The German's perfected a very faint form of tracer for the Schragwaffen called Glimspur.
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Post by PaulJ » Tue Feb 01, 2005 7:02 pm

As various posters have atested, "schräge Musik" is generally considered to have been outstandingly effective.

Indeed, it took the Allies a while to realize what was even happening to their bombers. One of the key points behind the German idea was to sneak up on the bombers and shoot them down by surprise. Most never knew what hit them. Neither did others. For a time all that was known was that a distressing number of bombers were suddenly "spontaneously exploding" for no known reason. Eventually it was figured out that such events were the work of "schräge Musik", but you can imagine the psycological effect.
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Paul_9686
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Post by Paul_9686 » Thu Feb 10, 2005 8:47 pm

One thing, though--how difficult was it to aim the guns when using schräge Musik? Were tracers needed for this?

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Paul

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donwhite
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Schrage musik

Post by donwhite » Tue Feb 15, 2005 4:20 pm

Interestingly enough, some Japanese two engine fighters were also fitted with a version of Schrage Musik (37mm cannon?) for operations against American Bombers. I'm assuming that most US bombing operations were in daylight hours (as in ETO) so I'm not aware of their effectiveness in this case vis a vis the element of surprise.

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Détails About Schrague on my website

Post by MK108 » Wed Feb 16, 2005 3:15 am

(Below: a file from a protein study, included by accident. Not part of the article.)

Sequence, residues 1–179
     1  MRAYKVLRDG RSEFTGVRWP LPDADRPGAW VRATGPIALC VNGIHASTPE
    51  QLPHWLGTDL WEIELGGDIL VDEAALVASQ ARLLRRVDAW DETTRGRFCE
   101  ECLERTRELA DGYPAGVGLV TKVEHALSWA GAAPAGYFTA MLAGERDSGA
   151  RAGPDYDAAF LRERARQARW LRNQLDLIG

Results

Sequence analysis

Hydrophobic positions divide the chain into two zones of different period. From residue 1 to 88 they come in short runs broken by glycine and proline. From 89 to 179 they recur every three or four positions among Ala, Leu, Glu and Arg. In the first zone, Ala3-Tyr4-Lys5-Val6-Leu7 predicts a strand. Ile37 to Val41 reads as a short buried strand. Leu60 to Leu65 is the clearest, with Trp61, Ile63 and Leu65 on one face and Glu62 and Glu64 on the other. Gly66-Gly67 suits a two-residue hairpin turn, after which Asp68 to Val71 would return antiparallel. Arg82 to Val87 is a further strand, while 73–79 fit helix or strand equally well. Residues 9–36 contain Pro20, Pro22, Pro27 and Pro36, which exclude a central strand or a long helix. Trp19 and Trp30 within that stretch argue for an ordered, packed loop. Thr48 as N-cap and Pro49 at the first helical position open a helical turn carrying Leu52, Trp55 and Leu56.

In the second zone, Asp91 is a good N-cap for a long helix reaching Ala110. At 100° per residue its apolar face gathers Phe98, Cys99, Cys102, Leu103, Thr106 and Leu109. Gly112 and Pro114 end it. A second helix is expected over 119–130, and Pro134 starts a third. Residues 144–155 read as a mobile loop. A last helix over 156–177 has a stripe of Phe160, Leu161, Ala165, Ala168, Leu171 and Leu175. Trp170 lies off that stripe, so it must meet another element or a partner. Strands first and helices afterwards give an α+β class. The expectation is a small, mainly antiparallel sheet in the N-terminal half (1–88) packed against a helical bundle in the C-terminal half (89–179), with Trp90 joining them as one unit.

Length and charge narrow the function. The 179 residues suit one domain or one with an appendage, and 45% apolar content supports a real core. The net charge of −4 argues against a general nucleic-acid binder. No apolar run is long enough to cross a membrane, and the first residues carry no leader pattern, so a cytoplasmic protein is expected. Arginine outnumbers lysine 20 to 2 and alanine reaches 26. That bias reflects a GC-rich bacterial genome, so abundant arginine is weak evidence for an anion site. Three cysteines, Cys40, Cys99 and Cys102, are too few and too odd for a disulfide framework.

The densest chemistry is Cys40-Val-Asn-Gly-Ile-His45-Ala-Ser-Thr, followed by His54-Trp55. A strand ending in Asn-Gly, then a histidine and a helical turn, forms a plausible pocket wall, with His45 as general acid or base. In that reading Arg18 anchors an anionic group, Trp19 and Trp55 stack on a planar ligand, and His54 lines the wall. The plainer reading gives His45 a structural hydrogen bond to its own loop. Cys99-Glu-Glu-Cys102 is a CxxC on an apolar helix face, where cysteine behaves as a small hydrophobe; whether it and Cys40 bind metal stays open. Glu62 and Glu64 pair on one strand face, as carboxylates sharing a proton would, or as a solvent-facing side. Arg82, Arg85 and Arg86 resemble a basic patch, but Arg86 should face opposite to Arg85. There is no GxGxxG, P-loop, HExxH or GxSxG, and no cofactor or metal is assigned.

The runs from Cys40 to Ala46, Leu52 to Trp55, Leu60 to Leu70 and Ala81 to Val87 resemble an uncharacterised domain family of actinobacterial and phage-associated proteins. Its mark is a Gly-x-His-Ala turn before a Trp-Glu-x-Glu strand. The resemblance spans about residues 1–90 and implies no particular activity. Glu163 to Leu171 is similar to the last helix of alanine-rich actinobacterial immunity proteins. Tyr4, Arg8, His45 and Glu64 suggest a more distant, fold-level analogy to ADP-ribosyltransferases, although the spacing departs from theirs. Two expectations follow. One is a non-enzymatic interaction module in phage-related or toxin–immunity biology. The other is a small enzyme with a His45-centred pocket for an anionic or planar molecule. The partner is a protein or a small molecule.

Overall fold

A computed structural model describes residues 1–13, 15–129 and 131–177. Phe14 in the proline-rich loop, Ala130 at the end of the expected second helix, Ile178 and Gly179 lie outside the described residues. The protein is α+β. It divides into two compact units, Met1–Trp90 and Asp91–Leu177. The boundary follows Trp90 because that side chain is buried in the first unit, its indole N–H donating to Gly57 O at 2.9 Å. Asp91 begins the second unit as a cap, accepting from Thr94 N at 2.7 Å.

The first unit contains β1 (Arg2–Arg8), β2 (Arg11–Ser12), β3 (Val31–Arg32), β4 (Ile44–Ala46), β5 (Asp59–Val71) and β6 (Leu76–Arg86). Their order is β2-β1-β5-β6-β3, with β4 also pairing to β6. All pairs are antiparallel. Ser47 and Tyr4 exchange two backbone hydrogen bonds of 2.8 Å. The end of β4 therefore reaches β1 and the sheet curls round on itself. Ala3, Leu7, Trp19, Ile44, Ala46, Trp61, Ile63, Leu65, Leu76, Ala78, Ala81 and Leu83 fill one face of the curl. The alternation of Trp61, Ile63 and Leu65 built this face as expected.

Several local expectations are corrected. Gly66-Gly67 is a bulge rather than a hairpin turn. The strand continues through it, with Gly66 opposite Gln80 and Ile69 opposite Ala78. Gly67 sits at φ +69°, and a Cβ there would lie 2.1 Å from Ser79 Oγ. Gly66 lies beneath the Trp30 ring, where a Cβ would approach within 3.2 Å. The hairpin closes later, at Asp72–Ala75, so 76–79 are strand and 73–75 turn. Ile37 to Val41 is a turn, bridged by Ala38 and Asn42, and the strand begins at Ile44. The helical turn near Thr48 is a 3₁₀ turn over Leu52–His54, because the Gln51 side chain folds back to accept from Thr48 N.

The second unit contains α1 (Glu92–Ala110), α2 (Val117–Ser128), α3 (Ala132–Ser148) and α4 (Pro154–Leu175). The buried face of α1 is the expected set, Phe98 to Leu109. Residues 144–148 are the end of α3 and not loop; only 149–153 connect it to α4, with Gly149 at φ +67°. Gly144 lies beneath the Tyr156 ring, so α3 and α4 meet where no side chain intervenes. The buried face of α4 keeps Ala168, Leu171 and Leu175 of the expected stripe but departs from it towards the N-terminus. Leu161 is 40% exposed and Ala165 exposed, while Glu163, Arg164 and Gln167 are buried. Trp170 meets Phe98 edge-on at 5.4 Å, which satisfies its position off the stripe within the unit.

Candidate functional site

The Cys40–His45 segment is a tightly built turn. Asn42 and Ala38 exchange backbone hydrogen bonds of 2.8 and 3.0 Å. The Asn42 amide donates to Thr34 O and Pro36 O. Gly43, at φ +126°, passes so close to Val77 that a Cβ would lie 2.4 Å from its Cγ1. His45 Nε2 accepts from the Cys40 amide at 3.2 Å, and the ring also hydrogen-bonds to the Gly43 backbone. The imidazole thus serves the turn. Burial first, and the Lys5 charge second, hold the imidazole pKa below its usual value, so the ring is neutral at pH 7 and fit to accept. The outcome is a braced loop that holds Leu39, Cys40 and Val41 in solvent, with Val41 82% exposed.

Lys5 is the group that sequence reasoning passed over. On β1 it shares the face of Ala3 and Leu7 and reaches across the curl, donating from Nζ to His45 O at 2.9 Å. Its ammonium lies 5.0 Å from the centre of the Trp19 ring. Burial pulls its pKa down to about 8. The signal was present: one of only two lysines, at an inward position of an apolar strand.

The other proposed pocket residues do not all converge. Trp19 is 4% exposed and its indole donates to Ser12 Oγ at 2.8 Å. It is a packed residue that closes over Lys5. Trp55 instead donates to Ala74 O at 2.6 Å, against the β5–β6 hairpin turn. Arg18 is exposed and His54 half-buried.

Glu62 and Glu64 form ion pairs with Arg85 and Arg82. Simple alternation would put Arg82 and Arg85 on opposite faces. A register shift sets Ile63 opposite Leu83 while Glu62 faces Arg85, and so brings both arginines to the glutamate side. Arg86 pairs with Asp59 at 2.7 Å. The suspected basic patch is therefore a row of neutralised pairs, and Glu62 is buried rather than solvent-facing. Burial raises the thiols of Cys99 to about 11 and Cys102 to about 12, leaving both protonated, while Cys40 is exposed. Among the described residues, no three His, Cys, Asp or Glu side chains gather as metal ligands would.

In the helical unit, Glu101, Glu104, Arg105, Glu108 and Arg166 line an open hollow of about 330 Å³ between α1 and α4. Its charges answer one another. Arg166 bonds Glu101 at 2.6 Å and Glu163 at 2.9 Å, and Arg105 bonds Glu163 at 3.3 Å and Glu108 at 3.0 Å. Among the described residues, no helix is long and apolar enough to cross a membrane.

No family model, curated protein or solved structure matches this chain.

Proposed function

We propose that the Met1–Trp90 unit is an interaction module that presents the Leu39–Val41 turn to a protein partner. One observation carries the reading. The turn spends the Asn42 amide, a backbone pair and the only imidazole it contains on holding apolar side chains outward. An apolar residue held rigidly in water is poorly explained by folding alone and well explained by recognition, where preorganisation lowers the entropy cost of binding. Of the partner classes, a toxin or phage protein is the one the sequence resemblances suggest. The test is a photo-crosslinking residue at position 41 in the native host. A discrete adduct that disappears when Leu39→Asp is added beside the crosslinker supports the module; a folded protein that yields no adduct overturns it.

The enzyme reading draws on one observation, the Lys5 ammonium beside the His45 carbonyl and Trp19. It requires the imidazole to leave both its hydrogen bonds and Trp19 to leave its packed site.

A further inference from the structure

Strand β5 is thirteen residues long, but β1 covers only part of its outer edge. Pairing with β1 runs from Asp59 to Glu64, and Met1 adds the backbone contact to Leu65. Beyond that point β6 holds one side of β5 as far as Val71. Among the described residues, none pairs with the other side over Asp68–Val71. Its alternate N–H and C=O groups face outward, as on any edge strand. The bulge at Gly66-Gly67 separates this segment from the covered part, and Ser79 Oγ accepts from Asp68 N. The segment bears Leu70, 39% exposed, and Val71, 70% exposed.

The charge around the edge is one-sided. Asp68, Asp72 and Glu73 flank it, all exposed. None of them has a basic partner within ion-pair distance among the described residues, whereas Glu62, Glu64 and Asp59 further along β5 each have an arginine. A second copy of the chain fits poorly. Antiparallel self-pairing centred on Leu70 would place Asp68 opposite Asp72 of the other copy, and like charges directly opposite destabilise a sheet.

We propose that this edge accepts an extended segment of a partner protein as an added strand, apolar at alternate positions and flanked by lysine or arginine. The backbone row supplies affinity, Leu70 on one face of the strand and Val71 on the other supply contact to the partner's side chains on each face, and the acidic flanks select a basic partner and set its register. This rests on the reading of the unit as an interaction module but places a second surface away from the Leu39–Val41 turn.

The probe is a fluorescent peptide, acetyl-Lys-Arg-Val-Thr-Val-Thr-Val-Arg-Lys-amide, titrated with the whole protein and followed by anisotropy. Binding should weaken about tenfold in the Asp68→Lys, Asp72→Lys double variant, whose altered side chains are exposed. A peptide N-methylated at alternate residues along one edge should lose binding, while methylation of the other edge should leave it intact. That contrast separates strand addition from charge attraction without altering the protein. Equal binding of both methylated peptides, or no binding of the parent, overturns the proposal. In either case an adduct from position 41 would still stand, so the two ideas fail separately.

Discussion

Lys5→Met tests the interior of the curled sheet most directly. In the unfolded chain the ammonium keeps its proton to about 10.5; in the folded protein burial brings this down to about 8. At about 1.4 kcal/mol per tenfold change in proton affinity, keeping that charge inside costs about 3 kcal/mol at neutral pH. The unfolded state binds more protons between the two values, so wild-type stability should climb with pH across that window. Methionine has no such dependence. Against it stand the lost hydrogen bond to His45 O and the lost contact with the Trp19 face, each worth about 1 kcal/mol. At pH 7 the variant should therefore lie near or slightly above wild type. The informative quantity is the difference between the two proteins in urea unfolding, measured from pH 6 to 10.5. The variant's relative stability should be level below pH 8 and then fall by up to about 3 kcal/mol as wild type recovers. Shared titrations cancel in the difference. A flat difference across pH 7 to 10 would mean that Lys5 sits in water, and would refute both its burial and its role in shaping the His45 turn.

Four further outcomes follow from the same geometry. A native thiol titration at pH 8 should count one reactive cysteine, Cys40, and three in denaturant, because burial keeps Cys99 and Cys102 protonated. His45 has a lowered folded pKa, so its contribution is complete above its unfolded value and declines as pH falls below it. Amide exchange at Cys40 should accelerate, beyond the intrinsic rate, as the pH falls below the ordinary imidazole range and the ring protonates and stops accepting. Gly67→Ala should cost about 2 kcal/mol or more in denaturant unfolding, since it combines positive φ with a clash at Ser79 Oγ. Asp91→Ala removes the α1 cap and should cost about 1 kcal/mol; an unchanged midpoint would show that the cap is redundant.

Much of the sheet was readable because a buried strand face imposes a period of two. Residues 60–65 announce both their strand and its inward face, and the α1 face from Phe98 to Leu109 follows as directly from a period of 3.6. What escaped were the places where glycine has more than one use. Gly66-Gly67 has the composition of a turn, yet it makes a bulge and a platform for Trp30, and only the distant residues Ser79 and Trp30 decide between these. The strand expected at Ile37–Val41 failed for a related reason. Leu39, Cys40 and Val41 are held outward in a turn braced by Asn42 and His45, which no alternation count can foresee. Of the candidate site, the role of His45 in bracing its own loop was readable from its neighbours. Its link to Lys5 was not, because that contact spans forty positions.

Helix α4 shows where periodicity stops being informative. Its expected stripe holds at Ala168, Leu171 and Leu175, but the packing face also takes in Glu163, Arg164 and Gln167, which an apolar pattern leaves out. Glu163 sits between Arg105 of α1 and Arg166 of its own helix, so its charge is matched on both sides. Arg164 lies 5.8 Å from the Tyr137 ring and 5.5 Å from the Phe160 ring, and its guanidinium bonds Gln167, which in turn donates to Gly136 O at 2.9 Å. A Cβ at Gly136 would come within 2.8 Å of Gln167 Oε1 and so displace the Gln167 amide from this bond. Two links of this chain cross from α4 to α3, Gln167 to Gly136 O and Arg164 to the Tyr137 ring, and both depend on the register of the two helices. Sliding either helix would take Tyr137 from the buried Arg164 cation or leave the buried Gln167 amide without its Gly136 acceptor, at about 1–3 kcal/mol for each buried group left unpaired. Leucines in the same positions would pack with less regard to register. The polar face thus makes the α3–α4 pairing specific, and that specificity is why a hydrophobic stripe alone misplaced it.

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Post by Paul_9686 » Wed Feb 16, 2005 12:35 pm

Actually, Don, the Japanese had night fighters; they just lacked effective radar. They either used searchlights (some even mounted in their aircraft) or good old low-tech Eyeball Mark One to fight by night, if they didn't have radar installed or if the radar was in bad repair.

Yours,
Paul

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Post by Paul_9686 » Wed Feb 16, 2005 10:57 pm

Additional info--the following Japanese night fighters had oblique-mounted cannon:

Kawasaki Ki-45 "Nick" (twin 20mm cannon);

Mitsubishi Ki-46 "Dinah" (converted recon plane with a single 37mm cannon);

Nakajima C6N "Myrt" (converted recon plane with twin 20mm cannon);

Nakajima J1N "Irving" (four 20mm cannon--two firing upwards and two firing downwards).

Plus, some A6M "Zeros" and J2M "Jacks" were field-modified to carry a single 20mm cannon firing obliquely.

Yours,
Paul

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donwhite
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Schrage Musik

Post by donwhite » Thu Feb 17, 2005 3:24 pm

Thanks Paul, very informative!

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Post by Paul_9686 » Thu Feb 17, 2005 5:33 pm

No problem, Don; always pleased to help out.

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Paul